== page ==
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Storm Over Asia (1928)
"Potomok Chingis-Khana" (original title)

 -  Drama | History | War  -  6 September 1930 (USA)
7.4
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Ratings: 7.4/10 from 936 users  
Reviews: 13 user | 6 critic

In 1918 a simple Mongol herdsman escapes to the hills after brawling with a western capitalist fur trader who cheats him. In 1920 he helps the partisans fight for the Soviets against the ... See full summary »

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Title: Storm Over Asia (1928)

Storm Over Asia (1928) on IMDb 7.4/10

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Cast

Complete credited cast:
Valéry Inkijinoff ...
Bair, the Mongol [The Son - U.S.] (as Valeri Inkishanov)
I. Dedintsev ...
The British Commandant
Aleksandr Chistyakov ...
The Russian Rebel Leader
Viktor Tsoppi ...
Henry Hughes, unscrupulous fur-buyer.
F. Ivanov ...
The Lama
V. Pro ...
British missionary, translates amulet
Boris Barnet ...
English soldier, pipe smoker
Karl Gurnyak ...
English soldier
Bilinskaya ...
The Commandant's Wife
I. Inkizhinov ...
Bair's Father
Anel Sudakevich ...
Commandant's blonde daughter
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Storyline

In 1918 a simple Mongol herdsman escapes to the hills after brawling with a western capitalist fur trader who cheats him. In 1920 he helps the partisans fight for the Soviets against the occupying army. However he is captured when the army tries to requisition cattle from the herdsmen at the same time as the commandant meets with the reincarnated Grand Lama. After being shot, the army discovers an amulet that suggests he was a direct descendant of Genghis Khan. They find him still alive, so the army restores his health and plans to use him as the head of a Mongolian puppet regime. Written by Will Gilbert

Plot Summary | Add Synopsis

Taglines:

Pudovokin's Remarkable Film Of The East In Revolt

Genres:

Drama | History | War

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Release Date:

6 September 1930 (USA)  »

Also Known As:

Storm Over Asia  »

Company Credits

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Technical Specs

Runtime:

(restored and synchronised) | | (DVD)

Sound Mix:

| (sound version)

Aspect Ratio:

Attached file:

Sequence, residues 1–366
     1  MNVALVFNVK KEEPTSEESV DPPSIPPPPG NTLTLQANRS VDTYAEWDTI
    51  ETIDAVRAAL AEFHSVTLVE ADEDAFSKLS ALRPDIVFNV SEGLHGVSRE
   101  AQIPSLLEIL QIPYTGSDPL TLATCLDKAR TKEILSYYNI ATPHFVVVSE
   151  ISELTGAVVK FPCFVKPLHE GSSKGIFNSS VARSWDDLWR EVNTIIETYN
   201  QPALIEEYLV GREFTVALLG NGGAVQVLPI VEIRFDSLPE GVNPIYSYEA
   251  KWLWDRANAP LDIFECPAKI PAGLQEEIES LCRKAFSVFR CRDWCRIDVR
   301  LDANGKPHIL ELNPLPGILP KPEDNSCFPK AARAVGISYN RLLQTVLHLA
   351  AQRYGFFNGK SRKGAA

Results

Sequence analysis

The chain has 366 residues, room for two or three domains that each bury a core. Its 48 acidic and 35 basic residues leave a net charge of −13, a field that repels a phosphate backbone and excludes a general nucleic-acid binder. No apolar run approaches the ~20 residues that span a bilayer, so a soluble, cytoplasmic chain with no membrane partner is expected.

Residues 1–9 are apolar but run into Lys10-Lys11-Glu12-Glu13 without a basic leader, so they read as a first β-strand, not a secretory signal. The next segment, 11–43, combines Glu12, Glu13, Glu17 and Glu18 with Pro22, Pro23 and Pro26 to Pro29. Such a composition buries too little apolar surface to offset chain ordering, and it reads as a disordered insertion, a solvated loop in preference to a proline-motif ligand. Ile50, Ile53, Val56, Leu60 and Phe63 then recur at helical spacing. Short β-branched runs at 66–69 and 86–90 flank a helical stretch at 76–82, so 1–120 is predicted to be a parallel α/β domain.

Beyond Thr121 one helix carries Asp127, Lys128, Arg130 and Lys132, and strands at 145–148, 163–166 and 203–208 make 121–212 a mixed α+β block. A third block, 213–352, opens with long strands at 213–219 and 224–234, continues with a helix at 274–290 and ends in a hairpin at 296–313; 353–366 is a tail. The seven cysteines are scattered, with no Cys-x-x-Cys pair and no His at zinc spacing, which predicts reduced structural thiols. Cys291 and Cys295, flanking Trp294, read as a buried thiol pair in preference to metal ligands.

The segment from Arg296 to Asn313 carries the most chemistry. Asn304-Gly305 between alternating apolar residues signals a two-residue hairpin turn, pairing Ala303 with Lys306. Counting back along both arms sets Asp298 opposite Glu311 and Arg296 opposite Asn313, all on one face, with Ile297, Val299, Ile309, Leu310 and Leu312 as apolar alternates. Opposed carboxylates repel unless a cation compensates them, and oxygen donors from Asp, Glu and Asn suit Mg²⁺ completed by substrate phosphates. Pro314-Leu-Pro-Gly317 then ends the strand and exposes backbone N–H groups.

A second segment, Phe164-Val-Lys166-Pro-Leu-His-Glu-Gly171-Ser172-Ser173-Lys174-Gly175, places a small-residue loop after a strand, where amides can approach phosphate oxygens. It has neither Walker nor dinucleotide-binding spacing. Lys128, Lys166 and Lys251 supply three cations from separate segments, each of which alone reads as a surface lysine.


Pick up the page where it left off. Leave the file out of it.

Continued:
1.33 : 1
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Did You Know?

Trivia

Valéry Inkijinoff was a friend and classmate of Vsevolod Pudovkin at Moscow film school and the film was conceived with him in the lead part. See more »

Connections

Edited into Histoire(s) du cinéma: Toutes les histoires (1988) See more »

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User Reviews

 
Superb!!
29 January 2013 | by (Salisbury, United Kingdom) – See all my reviews

I loved this movie - it takes a good silent film to keep me glued to the screen, many Silents have huge amounts of frenetic studio-bound talking heads, but of course we have to wait for the titles to see what has just been said.

Other reviewers have laid the premise of this one but as a Russian film lover and trying anything I come across (this DVD, just £3!!) and expecting propaganda and heavy symbolism, I had a tour de force of both Mongolian and Buddhist life, but far from being a National Geographic documentary, this had real passionate pizazz and incredible, often beautiful locations, with long-lost ancient rituals and occasions coming alive on the screen.

I think it unfair to criticise and thus mark down a film because of the style and way it was made, at the time - this is 1928, the film stock and prints has degraded and the technical aspects made for slightly sped-up and jaunty action, whilst almost all the huge casts would have been local amateurs.

However, what made it for me was the music - brilliantly (and I believe, the original choice overseen by the director just before his death, in the 50s) - the crisp stereo really prickling the senses and the variety - from strident symphonies to traditional music from the locations in the film, all perfectly matched to the action. So, when some of the strangest looking tube-like horns get blown by long bearded Mongolians, we get a strange sounding instrument, not an artificially contrived one. This might sound a minor point but for me, from the outset, it really put me in the mood and set me up for the duration.

So - whilst many of the rather turgid Silent dramas are rather hard work and there's a sense of relief when they finally end, this was pure pleasure all the way through. Put to one side any preconceived notions about communist regimes and heavy Soviet symbolism and enjoy this much lighter and enjoyable classic. (It IS critically considered a Classic, actually and not just my say so or opinion)


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